Three shows with die-hard fans have lost their mainstays. First Stephen Colbert, then Jon Stewart—and now Marin Alsop announces a leave-taking from her Cabrillo Festival of Contemporary Music. Can California new music lovers survive the deprivation? Stewart and Colbert might seem odd comparisons, but among her many attributes, Alsop’s sense of humor will be missed as much as her musicianship. Who else would end a concert of premieres in 2007 with a fanfare for kazoos and brass specially written for her by John Corigliano? Alsop’s final festival next year will be her 25th, leaving behind a deep legacy.

I’ve attended and written about every festival since Alsop’s arrival in 1992, and this announcement has pulled her signal accomplishments into focus:

  1. With only four or five symphonic concerts per summer, she has exposed concertgoers to hundreds of recent works. Most are less than a decade old. A large percentage are not the ten-minute-or-less soupcons of new music presented every so often at ordinary fall and winter seasons elsewhere, but substantial works.
  2. Like her mentor Leonard Bernstein, Alsop has marshaled impressive communication skills to enhance the audience experience. She often plays snippets of the music in advance to the crowd with explanations of what to listen for. She directs concerts for children, holds separate Q&A sessions for patrons and composers, and commonly has post-concert talkback events. Leavening all of her activities is her unique and spontaneous sense of humor—the reason I link her with Stewart and Colbert.
  3. Slowly but surely, she buffed up the festival orchestra so its members could perform reams of difficult new music at enviable levels of quality. I fervently hope they will be able to stay and do the same for her successor. In a small but important way, she has worked to improve the ability of composers as well, by holding public workshops and read-throughs of works by invited emerging composers.
  4. Rather than explore a vast range of new music, she concentrated on the more audience-friendly styles, such as those with high drama, catchy rhythms, and neoromantic elements. Although a myriad of conceivable experimental paths were not explored, what Alsop chose was presented in great detail, with plenty of internal variety. Furthermore, through the championship of a dozen or so composers, patrons could experience multiple examples from a single musical personality. The most prominent beneficiaries of Alsop’s advocacy, and the number of works performed, were Lou Harrison (24), Christopher Rouse (21), John Adams (18), Michael Daugherty (15), John Corigliano (13), James MacMillan (12), and Philip Glass (11).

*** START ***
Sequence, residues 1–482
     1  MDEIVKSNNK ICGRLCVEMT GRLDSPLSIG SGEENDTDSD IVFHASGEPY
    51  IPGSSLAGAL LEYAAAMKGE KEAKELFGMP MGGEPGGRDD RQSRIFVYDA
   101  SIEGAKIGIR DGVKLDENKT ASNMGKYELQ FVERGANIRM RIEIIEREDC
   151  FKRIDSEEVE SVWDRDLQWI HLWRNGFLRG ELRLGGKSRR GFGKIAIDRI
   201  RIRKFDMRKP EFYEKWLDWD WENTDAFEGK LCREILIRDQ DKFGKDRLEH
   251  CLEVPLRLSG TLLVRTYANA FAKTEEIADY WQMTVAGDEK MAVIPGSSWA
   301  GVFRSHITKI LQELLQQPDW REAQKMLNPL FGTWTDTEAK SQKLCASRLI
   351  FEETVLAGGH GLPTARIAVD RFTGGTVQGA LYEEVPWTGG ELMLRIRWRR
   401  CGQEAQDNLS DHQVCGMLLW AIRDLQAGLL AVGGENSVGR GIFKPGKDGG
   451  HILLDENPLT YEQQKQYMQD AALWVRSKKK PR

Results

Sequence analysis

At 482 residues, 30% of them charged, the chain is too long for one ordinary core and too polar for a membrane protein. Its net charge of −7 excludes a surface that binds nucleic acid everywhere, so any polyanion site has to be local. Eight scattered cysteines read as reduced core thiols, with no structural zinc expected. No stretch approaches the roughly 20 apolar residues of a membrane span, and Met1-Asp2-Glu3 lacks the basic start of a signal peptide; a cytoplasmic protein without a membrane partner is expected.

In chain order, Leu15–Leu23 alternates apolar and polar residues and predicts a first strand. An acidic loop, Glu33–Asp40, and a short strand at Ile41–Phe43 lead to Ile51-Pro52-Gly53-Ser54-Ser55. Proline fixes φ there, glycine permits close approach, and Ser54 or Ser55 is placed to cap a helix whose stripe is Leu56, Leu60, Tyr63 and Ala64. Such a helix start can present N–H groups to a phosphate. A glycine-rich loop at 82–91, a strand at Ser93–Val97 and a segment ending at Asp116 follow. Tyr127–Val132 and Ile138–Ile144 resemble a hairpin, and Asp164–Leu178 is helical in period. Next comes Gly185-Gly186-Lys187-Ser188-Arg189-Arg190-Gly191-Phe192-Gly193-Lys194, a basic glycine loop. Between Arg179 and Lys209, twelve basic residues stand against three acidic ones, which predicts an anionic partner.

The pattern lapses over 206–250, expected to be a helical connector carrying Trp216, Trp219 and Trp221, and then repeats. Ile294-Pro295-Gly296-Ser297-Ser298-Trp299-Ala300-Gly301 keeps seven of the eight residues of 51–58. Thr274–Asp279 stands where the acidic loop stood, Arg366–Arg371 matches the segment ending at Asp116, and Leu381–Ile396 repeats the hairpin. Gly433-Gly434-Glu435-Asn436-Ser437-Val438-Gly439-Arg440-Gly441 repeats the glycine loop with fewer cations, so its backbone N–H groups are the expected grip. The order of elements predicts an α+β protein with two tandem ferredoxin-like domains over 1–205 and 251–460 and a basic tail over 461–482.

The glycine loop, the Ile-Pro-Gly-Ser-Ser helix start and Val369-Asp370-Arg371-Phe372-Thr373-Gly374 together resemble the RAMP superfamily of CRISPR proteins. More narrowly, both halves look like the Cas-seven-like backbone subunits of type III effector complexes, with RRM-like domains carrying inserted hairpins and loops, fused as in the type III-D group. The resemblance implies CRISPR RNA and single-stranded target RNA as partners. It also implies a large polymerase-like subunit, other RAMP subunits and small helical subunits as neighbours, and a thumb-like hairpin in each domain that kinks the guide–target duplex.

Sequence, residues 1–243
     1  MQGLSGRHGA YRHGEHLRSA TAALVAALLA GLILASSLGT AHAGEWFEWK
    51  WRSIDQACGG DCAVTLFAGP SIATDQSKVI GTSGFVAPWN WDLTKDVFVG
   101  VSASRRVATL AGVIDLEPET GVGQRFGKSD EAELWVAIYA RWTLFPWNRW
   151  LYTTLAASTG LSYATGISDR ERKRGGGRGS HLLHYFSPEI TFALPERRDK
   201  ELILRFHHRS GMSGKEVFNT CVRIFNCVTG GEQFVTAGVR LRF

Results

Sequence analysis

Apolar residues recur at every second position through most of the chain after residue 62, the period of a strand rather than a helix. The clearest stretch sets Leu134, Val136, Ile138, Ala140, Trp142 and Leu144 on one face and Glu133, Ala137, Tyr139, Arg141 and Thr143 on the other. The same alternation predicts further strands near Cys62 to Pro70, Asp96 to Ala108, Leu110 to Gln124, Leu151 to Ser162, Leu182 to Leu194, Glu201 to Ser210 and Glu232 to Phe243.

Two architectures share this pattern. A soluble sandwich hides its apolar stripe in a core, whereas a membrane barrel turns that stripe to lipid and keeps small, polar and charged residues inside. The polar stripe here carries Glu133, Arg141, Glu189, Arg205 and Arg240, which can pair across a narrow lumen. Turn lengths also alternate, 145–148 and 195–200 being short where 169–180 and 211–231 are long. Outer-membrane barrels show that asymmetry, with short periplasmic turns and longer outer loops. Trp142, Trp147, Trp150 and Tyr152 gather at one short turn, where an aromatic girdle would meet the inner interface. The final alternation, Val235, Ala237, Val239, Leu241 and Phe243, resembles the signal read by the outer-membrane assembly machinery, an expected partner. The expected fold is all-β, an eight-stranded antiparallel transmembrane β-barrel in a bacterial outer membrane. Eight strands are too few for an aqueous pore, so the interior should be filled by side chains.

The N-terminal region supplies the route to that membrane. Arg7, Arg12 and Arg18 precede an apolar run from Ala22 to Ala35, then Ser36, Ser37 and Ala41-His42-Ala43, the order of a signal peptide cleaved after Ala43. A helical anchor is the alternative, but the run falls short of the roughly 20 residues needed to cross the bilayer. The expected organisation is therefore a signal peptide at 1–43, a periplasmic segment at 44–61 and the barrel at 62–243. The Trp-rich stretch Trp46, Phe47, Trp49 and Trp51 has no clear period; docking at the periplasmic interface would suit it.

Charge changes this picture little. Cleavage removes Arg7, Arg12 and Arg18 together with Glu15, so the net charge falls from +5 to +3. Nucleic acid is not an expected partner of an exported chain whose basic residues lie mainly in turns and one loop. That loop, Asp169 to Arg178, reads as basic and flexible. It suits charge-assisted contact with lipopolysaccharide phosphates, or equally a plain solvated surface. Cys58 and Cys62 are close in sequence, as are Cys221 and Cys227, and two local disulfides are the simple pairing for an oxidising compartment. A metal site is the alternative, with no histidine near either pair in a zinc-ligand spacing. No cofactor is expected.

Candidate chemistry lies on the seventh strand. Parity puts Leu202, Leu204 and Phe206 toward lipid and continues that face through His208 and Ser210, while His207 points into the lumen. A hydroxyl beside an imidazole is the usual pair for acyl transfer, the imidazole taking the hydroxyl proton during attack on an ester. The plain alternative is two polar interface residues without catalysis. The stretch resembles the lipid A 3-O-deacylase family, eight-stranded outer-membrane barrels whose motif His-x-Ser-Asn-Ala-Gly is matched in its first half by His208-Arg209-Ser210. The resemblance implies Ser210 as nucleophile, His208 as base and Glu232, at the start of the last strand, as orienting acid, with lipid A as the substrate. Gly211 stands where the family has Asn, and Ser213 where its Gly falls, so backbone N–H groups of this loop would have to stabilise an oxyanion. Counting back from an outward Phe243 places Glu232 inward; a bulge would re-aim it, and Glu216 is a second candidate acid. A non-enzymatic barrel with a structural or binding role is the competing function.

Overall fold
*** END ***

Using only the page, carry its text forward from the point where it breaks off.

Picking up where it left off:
Daugherty/Rouse, 2011

Michael Daugherty (right) absorbs something profound from Christopher Rouse (2011 festival)

Let me continue with listening highlights per decade:

The 1990s. If any one piece stands out in the entire history of Alsop at the helm of the festival, it’s Rouse’s Gorgon from 1995. This monstrosity is so loud that at least one orchestra rebelled rather than play it. As far as I know, this work—one of the most viscerally driven in the entire repertoire—has been played only three times since its Cabrillo appearance. (It premiered in Rochester in 1984.) Yet it is to his oeuvre as The Rite of Spring is to Stravinsky’s, and should be heard far more frequently. Although it’s available in recording, nothing compares to experiencing this incredible music live.

The 2000s. Three works are most prominent in memory. The first was Daugherty’s first violin concerto, Fire and Blood, in 2003. I had begun to categorize him as a glib, cheeky, pop satirist with so many pieces like Elvis Everywhere and Le Tombeau de Liberace. But the concerto was something of substance and rare melodic content. The event proved Alsop’s investment in him was worth the wait. Another impressive 2006 work was Michael Gatonska’s The Whispering Wind. In contrast to the Daugherty story, I’ve heard nothing from the man since on this side of the continent. Finally there was Thomas Adès’s concerto for violin Concentric Paths in 2007. I had not been much enamored of Powder Her Face earlier, but the Cabrillo performance of America, A Prophecy the year before had convinced me that Adès was a composer of the highest rank. The concerto may prove to be a long-legged masterpiece as the new century progresses.